I did find that unhappy point of overhang. My tuner is safely short of that point. Using my tuners you can be assured that the bullet is long gone by the time gasses are rebounding back to the ID.

When developing my tuners I also played with methods of attaching the tuner to the barrel and I can assure you that the tuner must have solid contact to the barrel and can not move during firing. When I adjust my tuner I move it in 1/8 of a turn increments on a 32 pitch thread -- that is a movement of only .004 --and I can assure you that this can be seen on paper, and that little bit of movement dose make a diference. Tuner lock up with the barrel must be solid!!! I can't stress this enough!!

Gene Bukys

Hi Gene,
I don't disagree with any of what you say except relative to the solid mounting. If sensitive enough vibration analysis equipment is used you'll find that short of welding a tuner on, there is still going to be slight movement at the joint. Obviously, the tuner must not be free to move all over the place. A few of us have seen what happens when a tuner gets loose, and you're right...it's not good. But clamping with pinch bolts is only a partial fix for the small movement I referred to earlier. We may think it's solid, but it's not. Nor would it be if it were pressed on with considerable interference fit. Ever cut a pressed on bearing race from a shaft with a torch? It's relatively easy to do without hurting the shaft it's pressed on to. Same principle...It's not one piece as it would be if it were welded so the heat doesn't transfer to the shaft the same way. Same goes for vibration between two parts...they're not one part with pinch bolts.

The good news is that if addressed in a way such as yours, with pinch bolts, that small amount of movement at the joint does appear to be a non-factor, or at least not one that stands outside of the noise.--Mike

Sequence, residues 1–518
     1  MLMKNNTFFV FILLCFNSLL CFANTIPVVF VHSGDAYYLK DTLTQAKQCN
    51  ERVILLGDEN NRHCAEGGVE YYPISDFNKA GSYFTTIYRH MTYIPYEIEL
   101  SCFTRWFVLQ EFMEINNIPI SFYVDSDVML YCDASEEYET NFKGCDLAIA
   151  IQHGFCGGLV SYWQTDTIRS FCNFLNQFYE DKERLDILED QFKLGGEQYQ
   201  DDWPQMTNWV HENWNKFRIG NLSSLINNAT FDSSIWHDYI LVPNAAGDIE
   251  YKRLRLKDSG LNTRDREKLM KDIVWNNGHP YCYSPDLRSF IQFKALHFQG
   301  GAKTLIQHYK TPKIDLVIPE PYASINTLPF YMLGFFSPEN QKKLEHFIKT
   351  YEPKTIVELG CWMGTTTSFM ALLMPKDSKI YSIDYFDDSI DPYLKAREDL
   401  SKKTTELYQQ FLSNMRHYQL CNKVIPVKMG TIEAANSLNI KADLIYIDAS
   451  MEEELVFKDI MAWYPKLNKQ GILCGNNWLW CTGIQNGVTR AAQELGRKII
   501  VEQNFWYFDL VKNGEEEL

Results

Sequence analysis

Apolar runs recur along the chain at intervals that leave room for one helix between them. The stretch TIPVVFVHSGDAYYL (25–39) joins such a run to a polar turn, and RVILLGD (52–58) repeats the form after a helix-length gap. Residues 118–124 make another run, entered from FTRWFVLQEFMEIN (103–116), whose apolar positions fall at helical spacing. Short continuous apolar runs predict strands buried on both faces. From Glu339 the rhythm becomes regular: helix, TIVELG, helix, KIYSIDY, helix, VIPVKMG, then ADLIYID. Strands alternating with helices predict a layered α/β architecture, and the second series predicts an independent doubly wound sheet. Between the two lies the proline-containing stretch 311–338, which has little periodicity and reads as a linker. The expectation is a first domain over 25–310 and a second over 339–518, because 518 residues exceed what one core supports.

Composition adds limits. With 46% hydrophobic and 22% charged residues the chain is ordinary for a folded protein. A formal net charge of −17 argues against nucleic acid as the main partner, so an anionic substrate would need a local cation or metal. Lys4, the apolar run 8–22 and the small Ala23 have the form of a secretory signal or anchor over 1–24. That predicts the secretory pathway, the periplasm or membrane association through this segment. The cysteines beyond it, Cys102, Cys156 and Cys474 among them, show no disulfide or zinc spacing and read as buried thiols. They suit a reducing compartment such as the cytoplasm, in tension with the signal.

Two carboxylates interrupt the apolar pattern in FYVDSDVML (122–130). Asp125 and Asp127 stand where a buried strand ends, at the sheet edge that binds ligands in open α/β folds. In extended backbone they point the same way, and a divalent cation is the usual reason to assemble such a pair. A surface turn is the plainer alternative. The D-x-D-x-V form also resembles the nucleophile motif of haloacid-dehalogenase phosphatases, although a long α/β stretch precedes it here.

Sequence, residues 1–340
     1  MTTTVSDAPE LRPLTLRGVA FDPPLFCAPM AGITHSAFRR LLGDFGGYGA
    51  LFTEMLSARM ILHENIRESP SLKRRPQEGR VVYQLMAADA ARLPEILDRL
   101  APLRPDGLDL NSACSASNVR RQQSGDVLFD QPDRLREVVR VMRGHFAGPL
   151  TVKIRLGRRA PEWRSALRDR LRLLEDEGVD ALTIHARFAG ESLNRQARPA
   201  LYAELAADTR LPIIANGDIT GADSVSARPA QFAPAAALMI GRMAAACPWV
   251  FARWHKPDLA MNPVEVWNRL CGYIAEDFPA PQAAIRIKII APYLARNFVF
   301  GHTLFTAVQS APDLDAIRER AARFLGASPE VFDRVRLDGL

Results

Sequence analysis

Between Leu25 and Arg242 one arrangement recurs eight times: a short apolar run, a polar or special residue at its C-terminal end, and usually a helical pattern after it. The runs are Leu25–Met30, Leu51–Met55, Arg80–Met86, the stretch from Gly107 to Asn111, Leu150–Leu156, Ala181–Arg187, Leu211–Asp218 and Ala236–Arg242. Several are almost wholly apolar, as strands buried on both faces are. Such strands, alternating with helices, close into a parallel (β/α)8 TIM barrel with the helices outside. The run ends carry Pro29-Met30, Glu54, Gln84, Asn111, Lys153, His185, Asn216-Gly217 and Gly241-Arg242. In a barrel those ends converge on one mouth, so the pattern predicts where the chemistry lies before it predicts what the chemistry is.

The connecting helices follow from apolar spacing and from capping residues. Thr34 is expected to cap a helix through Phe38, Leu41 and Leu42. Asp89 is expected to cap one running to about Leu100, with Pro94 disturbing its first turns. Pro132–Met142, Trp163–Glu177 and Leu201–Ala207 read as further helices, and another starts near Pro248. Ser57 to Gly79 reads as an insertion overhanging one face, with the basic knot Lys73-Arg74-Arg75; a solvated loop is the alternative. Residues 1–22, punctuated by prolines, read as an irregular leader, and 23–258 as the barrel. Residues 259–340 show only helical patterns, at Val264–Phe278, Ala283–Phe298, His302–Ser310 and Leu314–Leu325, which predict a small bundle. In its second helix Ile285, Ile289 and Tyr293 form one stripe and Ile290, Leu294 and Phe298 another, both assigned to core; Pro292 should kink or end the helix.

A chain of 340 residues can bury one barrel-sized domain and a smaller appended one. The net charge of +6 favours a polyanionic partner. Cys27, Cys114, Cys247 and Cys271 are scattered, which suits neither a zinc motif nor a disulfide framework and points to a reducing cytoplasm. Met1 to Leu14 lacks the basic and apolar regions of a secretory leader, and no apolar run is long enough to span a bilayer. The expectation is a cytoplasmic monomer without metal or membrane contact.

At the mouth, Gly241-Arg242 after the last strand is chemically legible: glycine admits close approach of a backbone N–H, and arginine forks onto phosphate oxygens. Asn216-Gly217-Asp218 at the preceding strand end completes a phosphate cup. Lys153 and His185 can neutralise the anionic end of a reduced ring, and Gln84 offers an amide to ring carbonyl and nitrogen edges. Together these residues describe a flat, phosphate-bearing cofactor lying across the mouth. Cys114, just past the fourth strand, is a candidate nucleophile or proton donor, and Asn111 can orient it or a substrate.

mwezell
03-01-2015, 05:32 PM
Yes sir, Scott! Your tuner thread has brought out some terrific discussion among the most knowledgeable shooters in the world. :cool:

Anything said about barrel tuners and barrel vibration always commands my undivided attention. There have been some very good points made here. Lots of smart individuals, some with impressive degrees and qualifications have experimented with tuners at length during the past ten years or so. Great progress has been made but I'm sure there will be new discoveries and improvements made in the future.

Most of the centerfire work with tuners has been done by group shooters at 100 and 200 yds where one can easily see the bullet holes and make tuner adjustments as necessary. You can't see your bullet holes at longer ranges so I don't know how you could ever make meaningful adjustments. I think time will show that barrel tuners are useful only to short range extreme accuracy shooters. Long range, hunting and tactical shooting? Forget it! :o

Later,

Gene Beggs

Hi Gene,
I disagree, but only with the long range part. Even if a tuner is never moved, it still has benefits. So, if one can be successful tuning w/o a tuner at long range, they can also be successful with a tuner, but enjoy the wider tune window they offer.--Mike